Secondly, as the gap widens and the concentration in it of metal vapour increases, this vapour becomes ionised by the electron stream, so producing positive ions. These are attracted towards and bombard the cathode thus leading to loss of material from the cathode. Because of the presence of electrons, and ions as well as gas atoms, a plasma or positive column is formed, direct high energy electron bombardment of the anode is reduced and, as the gap lengthens, a normal arc discharge is set up. The energy released at the cathode is then of the order eVc, where Vc is the cathode fall of potential between the electrode and the plasma column. In this stage the release of energy at the cathode can exceed that at the anode.

Clearly, for the fully developed arc and when a high current is passed, considerable bombardment of both electrodes can occur. In such conditions considerable energy is also dissipated in the positive column itself where very high temperatures can be attained. However, in the present discussion attention is mainly directed to the simple states of the contact discharge during the earliest stages of its development and when the gap separation is short. This separation d is approximately that of the largest molten metal bridge and is of the order of 10-3 cm. Two types of short arc have been classified and the term “anode arc” is given to the case of predominant anode loss of material, and “cathode arc” to the case when the loss is confined to the cathode (5).

So far the post-contact arc has been considered, but it is also known that a pre-contact arc can occur with cold electrodes (6). Consideration of the electron emission activity (7) of the cathode surface shows that this can be initiated when the gap separation is of the order of 10–4 cm and must be initiated by an electron avalanche (n electrons each of charge e) striking the anode and releasing energy in some cases as much as n eV.

Photomicrograph (× 420) of a molten metal bridge between pure platinum contacts operating in air, showing the stable nodoid form. The temperature of the glowing metal ranges from about 2000°K at the ends to about 4500°K near the middle of the bridge

(Photograph by F. Llewellyn-Jones and Michael Price)

Photomicrograph (× 420) of a molten metal bridge between pure platinum contacts operating in air, showing the stable nodoid form. The temperature of the glowing metal ranges from about 2000°K at the ends to about 4500°K near the middle of the bridge  (Photograph by F. Llewellyn-Jones and Michael Price)

Again, as in the case of a spark discharge passed between two cold electrodes of self capacity C, the energy of the spark released by particle bombardment of the electrodes must be some fraction of the total energy (∼CV2/2) of the gap which is discharged by the spark current.

Thus in all the cases considered, whether a spark, or the pre-contact or post-contact micro-arc, electrical discharges have this basic feature in common in that a fraction of the total energy available in the charged spark gap is released at either or both of the electrodes.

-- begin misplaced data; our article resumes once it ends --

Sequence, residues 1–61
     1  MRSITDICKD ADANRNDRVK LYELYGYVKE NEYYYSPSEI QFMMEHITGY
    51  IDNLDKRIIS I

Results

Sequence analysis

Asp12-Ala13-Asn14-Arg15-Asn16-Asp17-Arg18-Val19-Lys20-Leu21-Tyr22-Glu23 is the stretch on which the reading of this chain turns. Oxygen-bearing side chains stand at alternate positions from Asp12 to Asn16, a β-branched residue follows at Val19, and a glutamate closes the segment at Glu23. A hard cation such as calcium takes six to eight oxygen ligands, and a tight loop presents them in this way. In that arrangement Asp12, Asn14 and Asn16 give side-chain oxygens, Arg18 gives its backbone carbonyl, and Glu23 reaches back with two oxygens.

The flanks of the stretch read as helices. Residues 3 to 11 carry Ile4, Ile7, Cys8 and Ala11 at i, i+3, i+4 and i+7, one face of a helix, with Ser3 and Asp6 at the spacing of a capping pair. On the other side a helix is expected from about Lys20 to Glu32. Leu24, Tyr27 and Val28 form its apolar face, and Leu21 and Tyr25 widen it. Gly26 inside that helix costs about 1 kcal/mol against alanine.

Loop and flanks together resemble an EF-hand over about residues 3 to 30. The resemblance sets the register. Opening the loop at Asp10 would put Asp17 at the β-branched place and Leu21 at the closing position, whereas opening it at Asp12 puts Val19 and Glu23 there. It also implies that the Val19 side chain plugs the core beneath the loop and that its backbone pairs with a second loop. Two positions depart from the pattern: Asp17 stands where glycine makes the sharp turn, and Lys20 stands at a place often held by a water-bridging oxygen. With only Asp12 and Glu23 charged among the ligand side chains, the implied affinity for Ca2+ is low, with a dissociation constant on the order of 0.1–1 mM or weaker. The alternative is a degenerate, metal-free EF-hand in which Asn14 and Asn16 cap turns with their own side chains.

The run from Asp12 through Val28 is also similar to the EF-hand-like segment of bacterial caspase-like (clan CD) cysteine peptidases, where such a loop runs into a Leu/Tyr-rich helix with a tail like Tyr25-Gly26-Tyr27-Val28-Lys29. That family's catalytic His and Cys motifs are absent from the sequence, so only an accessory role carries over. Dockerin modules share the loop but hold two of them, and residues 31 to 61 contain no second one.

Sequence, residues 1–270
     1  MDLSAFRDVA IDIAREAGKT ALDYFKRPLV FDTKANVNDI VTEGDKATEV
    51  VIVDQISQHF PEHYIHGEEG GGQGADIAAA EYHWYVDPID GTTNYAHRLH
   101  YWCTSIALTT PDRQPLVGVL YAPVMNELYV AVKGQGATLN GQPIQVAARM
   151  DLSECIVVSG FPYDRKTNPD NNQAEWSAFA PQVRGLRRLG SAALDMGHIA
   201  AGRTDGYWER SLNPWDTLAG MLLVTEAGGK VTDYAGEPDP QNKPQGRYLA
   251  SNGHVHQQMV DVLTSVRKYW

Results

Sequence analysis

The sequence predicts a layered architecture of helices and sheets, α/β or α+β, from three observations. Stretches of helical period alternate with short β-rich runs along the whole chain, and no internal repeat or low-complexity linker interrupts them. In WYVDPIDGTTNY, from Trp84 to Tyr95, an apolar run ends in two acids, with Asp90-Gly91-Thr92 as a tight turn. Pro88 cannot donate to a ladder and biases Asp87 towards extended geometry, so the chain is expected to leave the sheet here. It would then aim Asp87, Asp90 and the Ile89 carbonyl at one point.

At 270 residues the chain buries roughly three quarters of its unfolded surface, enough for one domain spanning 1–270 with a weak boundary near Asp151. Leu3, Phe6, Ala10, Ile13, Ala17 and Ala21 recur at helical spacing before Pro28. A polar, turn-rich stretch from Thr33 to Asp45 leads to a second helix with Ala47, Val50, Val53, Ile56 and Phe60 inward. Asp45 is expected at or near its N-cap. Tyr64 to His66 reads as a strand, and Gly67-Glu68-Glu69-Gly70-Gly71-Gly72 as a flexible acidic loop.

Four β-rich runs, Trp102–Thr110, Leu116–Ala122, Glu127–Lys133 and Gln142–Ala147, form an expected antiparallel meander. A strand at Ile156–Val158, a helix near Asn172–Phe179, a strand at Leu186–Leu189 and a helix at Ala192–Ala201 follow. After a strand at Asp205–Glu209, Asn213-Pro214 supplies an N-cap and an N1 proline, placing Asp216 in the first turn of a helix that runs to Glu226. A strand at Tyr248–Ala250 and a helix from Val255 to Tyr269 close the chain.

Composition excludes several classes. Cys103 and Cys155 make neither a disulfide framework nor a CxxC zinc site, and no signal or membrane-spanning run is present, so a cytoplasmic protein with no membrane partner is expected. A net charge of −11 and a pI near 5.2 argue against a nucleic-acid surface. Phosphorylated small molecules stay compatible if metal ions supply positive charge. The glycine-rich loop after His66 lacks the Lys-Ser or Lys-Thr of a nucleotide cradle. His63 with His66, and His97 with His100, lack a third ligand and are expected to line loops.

Thus, from elementary considerations of the discharge mechanism, it can be seen that particle bombardment, whether electronic or ionic, of electrodes can occur, and it is now necessary to consider the consequences to the electrodes of this release of discharge energy.

The first important factor to appreciate is the great rapidity with which a significant amount of energy can be released at an electrode surface. If the total energy W of a discharge were released at a slow rate over a long period, any rise in electrode temperature, and therefore consequent evaporation, would be negligible. Now, the initial stage of the setting up of the discharge takes place in times of the order of the electron and ion transit times tt and is therefore ∼d/W+, where W+ is the ionic drift speed this is 105, giving tt of the order of 10–9 sec. Clearly then, the practical consequences of an extremely rapid release of discharge energy W (∼ kinetic energy of ions and electrons plus the potential energy of the ions and less the work required in the secondary emission of electrons) is a rapid rise in temperature over the “hot spot” area and throughout a small volume of electrode underneath.

Electrode Hot Spot and Energy Balance


Thus it seems reasonable to regard the main consequences of the electrical discharge (neglecting chemical effects) as far as the electrode is concerned as being due to the sudden release of energy over a certain small area of either electrode, and clearly the magnitude of that release is a matter of physical significance.

The considerations put forward above of the basic processes in the establishment of an arc discharge show that the area of the electrode significant in the bombardment processes is the area over which either the electron avalanche or the positive ion avalanche will strike the appropriate electrode. Theoretical estimates of these areas have been made by the present author (8) for certain cases of practical interest, such as that of the sparking plug of an internal combustion engine, and it is found that very high current densities ∼107 amp cm-2 can occur at “hot spots” about 10-7 cm2 in area.